A group of Glen Cove homeowners are upset over the possibility of a five-story apartment complex going up behind their properties, and they say they are gearing up for a fight.
“It’s totally against the neighborhood characteristics that we bought our homes for,” said Grace Slezak of Rooney Court.
She learned of the proposal on the city’s website several hours before the city council’s meeting Tuesday and rounded up a few neighbors to raise their concerns there.
“It had been a dead issue,” said Slezak, who had known of a similar plan several years ago but thought the idea had fizzled out when it failed to move forward at the time.
This time, Slezak and her neighbors fear the development will ruin their winter water views and bring noise and population density to an area they cherish for its privacy and natural feel.
Rooney Court is a small street which ends in a cul-de-sac set at the top of a gradient behind the . Twelve houses are located on the street, with four ringing the cul-de-sac.
The development, known as The Villa at Glen Cove, would occupy the east side of Glen Cove Avenue between Ralph Young Avenue and Robinson Avenue. The current proposal accommodates 216 units, according to Planning Board secretary Lois Stemkosky, although she said nothing is set in stone.
“Nothing has been approved yet. Nothing,” she said.
Public hearings will be held but no dates have been set.
Ronnie Epstein lives in one of the homes in the cul-de-sac. When the trees are bare, she said, she enjoys a view of the sun setting over the water – and fears it could turn into a sunset over a brick-and-mortar structure.
"It's appropriating our water view and selling it to someone else," she said.
Epstein said she is also concerned for the old-growth trees located behind her property, and the hawks, foxes and other wildlife whose habitat is that wooded area.
“We’re really just trying to understand the project,” she said. “I keep saying: ‘smart growth.’ Let’s be intelligent, let’s use our proper judgment here. Do you really need something that big in that little slice of land, or is it more appropriate to have something of that magnitude elsewhere, where it’s not going to directly eliminate an ecosystem that we have very little of left.”
Erin Hogan and Sonja Seidel also live on the cul-de-sac. Hogan is a 10-year resident and Seidel moved in with her husband last year. They said they worry about the plan’s impact on their home values and what it will do to the tranquility they found on Rooney Court.
“We purchased here because, for us, this is affordable living,” said Hogan.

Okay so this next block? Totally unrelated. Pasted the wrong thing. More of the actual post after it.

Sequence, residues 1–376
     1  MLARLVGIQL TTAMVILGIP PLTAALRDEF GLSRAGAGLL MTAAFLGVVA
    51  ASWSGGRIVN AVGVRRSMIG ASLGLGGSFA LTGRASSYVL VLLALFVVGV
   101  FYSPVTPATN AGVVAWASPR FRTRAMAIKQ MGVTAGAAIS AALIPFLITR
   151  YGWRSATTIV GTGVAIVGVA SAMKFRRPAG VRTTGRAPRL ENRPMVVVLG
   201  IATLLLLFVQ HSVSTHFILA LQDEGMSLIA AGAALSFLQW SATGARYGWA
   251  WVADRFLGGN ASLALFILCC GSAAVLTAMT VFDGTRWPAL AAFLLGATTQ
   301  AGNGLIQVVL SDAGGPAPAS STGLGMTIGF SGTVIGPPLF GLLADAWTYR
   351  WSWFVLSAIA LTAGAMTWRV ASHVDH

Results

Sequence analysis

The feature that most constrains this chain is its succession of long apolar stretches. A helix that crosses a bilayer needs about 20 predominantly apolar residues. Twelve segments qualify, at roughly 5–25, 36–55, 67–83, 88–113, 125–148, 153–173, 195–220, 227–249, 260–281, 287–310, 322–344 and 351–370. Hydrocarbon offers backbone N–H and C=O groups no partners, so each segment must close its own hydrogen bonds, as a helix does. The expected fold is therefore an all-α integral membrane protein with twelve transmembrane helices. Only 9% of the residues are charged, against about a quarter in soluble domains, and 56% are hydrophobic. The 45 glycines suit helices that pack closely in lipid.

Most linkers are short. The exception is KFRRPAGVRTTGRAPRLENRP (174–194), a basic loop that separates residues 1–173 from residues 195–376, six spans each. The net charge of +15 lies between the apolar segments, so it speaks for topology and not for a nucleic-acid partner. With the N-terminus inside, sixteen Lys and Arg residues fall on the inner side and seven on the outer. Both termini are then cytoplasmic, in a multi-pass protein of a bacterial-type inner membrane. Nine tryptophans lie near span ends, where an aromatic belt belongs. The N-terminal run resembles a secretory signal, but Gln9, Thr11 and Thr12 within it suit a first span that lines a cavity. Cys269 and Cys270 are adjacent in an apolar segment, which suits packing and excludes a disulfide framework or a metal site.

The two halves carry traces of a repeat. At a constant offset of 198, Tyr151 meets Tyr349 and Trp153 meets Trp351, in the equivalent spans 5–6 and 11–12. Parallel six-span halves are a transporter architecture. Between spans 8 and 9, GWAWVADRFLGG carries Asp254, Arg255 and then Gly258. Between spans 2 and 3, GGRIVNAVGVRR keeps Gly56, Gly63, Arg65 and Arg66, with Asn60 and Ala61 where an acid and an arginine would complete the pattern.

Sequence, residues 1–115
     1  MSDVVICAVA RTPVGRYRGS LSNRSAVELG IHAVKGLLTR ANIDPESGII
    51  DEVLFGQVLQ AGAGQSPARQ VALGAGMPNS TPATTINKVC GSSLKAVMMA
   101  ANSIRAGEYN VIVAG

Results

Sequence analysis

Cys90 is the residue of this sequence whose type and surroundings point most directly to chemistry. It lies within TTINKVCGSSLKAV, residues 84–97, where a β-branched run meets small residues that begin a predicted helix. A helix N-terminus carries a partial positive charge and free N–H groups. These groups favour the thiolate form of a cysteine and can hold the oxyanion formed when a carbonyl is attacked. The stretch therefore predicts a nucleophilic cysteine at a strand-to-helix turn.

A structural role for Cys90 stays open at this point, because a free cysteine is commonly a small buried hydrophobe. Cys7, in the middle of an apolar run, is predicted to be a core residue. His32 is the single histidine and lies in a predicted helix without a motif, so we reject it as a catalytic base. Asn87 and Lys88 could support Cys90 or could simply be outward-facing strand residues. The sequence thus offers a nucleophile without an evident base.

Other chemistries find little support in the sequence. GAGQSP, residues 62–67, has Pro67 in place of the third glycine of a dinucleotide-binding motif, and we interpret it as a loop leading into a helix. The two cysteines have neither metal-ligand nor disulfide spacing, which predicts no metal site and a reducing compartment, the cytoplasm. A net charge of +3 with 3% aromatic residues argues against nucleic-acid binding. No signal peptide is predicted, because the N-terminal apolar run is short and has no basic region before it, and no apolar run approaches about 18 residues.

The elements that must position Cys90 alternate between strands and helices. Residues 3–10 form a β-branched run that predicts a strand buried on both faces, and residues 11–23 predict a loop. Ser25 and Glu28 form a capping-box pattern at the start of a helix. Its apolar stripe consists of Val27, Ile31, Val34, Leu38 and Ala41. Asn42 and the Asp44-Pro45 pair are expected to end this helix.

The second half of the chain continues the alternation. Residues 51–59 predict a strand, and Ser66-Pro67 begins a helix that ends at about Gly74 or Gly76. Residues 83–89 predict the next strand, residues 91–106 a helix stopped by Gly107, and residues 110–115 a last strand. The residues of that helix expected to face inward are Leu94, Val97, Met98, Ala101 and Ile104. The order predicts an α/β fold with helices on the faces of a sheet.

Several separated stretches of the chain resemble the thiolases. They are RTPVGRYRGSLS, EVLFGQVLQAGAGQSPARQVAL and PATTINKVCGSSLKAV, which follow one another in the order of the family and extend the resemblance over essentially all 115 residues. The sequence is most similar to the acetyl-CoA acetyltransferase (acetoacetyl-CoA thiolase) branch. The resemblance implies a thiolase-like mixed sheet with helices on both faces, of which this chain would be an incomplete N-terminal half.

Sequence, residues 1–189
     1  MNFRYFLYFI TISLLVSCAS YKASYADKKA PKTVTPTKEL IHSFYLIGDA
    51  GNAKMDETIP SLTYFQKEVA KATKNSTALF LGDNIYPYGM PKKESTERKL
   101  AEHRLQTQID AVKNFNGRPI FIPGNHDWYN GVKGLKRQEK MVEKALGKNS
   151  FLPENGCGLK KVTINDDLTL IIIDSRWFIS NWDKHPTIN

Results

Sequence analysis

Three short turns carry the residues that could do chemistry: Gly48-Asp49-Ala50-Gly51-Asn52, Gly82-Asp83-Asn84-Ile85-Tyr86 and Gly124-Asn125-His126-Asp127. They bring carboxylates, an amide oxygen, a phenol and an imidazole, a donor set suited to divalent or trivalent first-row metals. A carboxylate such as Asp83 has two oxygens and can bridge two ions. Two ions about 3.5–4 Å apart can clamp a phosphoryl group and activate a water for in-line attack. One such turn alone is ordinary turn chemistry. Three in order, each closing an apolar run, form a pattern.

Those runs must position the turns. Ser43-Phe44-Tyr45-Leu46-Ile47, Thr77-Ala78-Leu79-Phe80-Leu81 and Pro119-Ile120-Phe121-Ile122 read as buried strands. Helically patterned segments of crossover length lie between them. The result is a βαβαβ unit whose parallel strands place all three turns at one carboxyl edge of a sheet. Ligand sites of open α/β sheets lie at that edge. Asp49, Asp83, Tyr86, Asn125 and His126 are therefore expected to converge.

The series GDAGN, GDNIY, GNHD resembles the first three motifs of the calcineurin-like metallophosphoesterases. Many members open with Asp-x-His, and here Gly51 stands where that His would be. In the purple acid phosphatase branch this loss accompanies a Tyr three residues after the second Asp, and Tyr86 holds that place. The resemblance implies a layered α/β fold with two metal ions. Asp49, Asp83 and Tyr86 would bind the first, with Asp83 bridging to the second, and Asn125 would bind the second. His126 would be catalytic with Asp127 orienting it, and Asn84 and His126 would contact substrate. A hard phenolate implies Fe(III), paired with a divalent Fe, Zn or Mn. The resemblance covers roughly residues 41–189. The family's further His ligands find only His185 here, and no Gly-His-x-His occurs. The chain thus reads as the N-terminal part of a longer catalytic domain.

Glen Cove attorney Patrick Hoebich represents the development company, Livingston Development Corp. He said contact had been made with “various neighbors” but did not know if anyone on Rooney Court had ever been communicated with.
He noted that an outreach office was established on the corner of Glen Street and Pulaski Street several years ago, and that it is there to field questions and contains a model of the proposed complex.
“Based on the higher topography of Rooney Court, we do not believe there will be any adverse impacts to the land there,” Hoebich said, citing an environmental impact study done in 2010.
Some confusion seems to have been created by the failure of that study to trigger notification of the Rooney Court residents since the law at the time required notification of anyone living within 200 feet of an affected site – just short of the aforementioned homes. The city has since changed the law to make it 300 feet.
“The process hasn’t been hidden,” Hoebich maintained, adding that the project is in accordance with the city’s Master Plan.
He described the proposed complex as an “aesthetically pleasing residential development” which would replace several blighted properties and “non-conforming” commercial businesses, and would include streetscaping on either side of Glen Cove Avenue, enhancing one of the city’s main entryways with trees and lantern lighting.
He said the improvement is expected to benefit nearby home values, not hurt them.
The residents of Rooney Court remain skeptical, fearing the process will continue without due respect given to their concerns.
“Every dime I have is in my house,” Slezak said.